Advances in Clinical and Experimental Medicine

Title abbreviation: Adv Clin Exp Med
JCR Impact Factor (IF) – 1.736
5-Year Impact Factor – 2.135
Index Copernicus  – 166.39
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ISSN 1899–5276 (print)
ISSN 2451-2680 (online)
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Advances in Clinical and Experimental Medicine

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doi: 10.17219/acem/149243

Publication type: original article

Language: English

License: Creative Commons Attribution 3.0 Unported (CC BY 3.0)

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Real-world diagnostic value of a nationwide standardized COVID-19 triage chart in Turkey

Reyhan Öztürk1,A,B,C,D,E,F, Gokhan Tazegul2,A,B,C,D,E,F

1 Department of Infectious Diseases and Clinical Microbiology, Ankara Polatlı Duatepe State Hospital, Turkey

2 Department of Internal Medicine Clinic, Ankara Polatlı Duatepe State Hospital, Turkey


Background. Effective triage is critical during the coronavirus disease 2019 (COVID-19) pandemic. An appropriate triage plan is crucial to direct suspected COVID-19 cases to a designated area, in order to separate such patients from other patients and staff.
Objectives. To report the diagnostic value of the “Possible Coronavirus Disease 2019 (COVID-19) Case Questioning Guide for Outpatients”, a nationwide standard triage chart, and of the individual questions within the triage chart for detecting COVID-19 in patients admitted to our hospital.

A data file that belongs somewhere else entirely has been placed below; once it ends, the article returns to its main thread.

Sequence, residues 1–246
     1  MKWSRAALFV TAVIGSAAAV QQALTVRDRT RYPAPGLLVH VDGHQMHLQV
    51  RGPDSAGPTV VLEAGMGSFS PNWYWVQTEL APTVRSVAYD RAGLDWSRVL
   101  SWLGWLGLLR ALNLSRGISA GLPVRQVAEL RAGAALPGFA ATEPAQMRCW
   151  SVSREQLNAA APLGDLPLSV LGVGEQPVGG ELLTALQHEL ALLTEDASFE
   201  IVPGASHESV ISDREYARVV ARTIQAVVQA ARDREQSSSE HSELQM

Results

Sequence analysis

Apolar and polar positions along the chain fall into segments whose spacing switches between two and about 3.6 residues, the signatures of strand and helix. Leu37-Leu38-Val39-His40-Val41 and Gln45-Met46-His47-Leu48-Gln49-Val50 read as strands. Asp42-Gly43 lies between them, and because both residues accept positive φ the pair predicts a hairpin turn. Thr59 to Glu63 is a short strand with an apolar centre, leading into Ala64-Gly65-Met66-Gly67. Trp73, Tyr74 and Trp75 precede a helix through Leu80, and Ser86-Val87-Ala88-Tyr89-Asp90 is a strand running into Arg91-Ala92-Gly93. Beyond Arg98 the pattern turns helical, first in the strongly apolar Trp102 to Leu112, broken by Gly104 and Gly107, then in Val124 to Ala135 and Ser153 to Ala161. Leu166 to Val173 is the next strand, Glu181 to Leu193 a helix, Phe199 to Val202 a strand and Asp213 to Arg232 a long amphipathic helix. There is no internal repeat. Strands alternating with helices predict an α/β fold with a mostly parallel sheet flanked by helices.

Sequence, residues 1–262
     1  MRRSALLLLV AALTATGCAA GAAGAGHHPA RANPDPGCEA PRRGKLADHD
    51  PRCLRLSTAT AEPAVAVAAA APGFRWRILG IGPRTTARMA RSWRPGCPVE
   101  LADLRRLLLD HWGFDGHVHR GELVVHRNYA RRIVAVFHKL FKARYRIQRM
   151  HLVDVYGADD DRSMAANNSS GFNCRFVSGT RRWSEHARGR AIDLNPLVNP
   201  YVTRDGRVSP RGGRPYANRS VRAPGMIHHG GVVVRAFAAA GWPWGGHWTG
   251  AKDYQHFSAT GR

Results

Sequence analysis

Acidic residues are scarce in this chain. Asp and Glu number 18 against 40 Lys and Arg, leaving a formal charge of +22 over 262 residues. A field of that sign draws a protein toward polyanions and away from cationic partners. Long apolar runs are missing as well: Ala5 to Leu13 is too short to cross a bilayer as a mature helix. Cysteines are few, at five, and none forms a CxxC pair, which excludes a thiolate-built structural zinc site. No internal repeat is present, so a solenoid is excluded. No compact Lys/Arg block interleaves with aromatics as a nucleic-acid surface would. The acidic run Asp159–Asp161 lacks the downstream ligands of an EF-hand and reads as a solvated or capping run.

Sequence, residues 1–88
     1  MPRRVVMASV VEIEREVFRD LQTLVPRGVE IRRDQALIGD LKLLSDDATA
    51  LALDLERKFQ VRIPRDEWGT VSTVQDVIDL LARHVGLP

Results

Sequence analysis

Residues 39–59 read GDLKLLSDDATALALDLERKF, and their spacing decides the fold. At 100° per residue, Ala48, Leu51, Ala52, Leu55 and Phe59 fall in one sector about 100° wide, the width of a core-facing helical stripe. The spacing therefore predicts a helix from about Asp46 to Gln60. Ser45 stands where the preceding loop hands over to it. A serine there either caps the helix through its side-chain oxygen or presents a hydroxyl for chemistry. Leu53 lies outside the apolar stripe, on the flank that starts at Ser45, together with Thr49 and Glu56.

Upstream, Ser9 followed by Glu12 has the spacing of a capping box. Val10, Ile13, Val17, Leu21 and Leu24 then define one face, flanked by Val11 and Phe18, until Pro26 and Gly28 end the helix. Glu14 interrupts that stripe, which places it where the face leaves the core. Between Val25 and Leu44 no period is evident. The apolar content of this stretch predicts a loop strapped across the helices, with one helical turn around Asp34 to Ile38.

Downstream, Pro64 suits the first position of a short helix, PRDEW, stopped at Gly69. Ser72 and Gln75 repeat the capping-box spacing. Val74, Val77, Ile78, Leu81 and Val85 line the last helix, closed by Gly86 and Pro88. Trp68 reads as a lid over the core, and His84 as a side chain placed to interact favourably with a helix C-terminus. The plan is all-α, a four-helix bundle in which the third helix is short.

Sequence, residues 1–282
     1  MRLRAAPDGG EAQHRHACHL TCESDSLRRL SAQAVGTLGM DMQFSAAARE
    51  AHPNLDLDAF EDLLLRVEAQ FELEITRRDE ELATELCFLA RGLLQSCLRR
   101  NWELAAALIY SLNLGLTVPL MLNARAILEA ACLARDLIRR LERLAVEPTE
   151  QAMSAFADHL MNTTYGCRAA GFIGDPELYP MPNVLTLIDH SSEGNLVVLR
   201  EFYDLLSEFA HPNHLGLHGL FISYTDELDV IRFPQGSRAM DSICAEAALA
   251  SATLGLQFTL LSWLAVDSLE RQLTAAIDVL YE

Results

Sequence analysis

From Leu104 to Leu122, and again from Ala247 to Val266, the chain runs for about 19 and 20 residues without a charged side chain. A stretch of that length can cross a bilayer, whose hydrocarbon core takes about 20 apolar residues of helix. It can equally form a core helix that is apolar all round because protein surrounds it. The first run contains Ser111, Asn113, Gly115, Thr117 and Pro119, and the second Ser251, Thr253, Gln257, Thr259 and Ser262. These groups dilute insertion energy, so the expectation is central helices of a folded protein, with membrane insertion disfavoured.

Material and Methods. A total of 39,681 outpatients admitted to our hospital between April 1 and April 30, 2021, underwent triage questioning. The triage chart consisted of 3 symptom questions and 4 contact and travel questions. Patients who responded “yes” to at least 1 question were referred to the pandemic area; others were considered low-risk and did not undergo routine COVID-19 polymerase chain reaction (PCR) test.
Results. Briefly, 3529 outpatients were referred to the pandemic area; among them, 1055 were PCR-positive. Among 36,152 low-risk patients, 94 were PCR-positive. The sensitivity of the triage chart was 91.82%, specificity was 93.58%, positive likelihood ratio was 14.30, and negative likelihood ratio was 0.09. Triage questions were in moderate agreement with PCR results (Cohen’s Kappa: 0.429, p < 0.0001). The diagnostic value of the triage chart was mainly attributed to the questions regarding possible COVID-19 infection symptoms rather than contact history. However, the questions included in the triage chart had none to slight agreement with the PCR test results in the pandemic outpatients.
Conclusion. The triage chart has high sensitivity and specificity for discriminating possible COVID-19 cases in all outpatients, but has unsatisfactory diagnostic value for predicting PCR positivity in pandemic outpatients. Therefore, the current triage chart should be used accordingly, i.e., to define possible COVID-19 cases rather than PCR-positive cases. Further studies regarding COVID-19 triage for possible and PCR-positive cases should also focus on the individual diagnostic value of less prevalent symptoms.

Key words

COVID-19, coronavirus, triage, viral pneumonia

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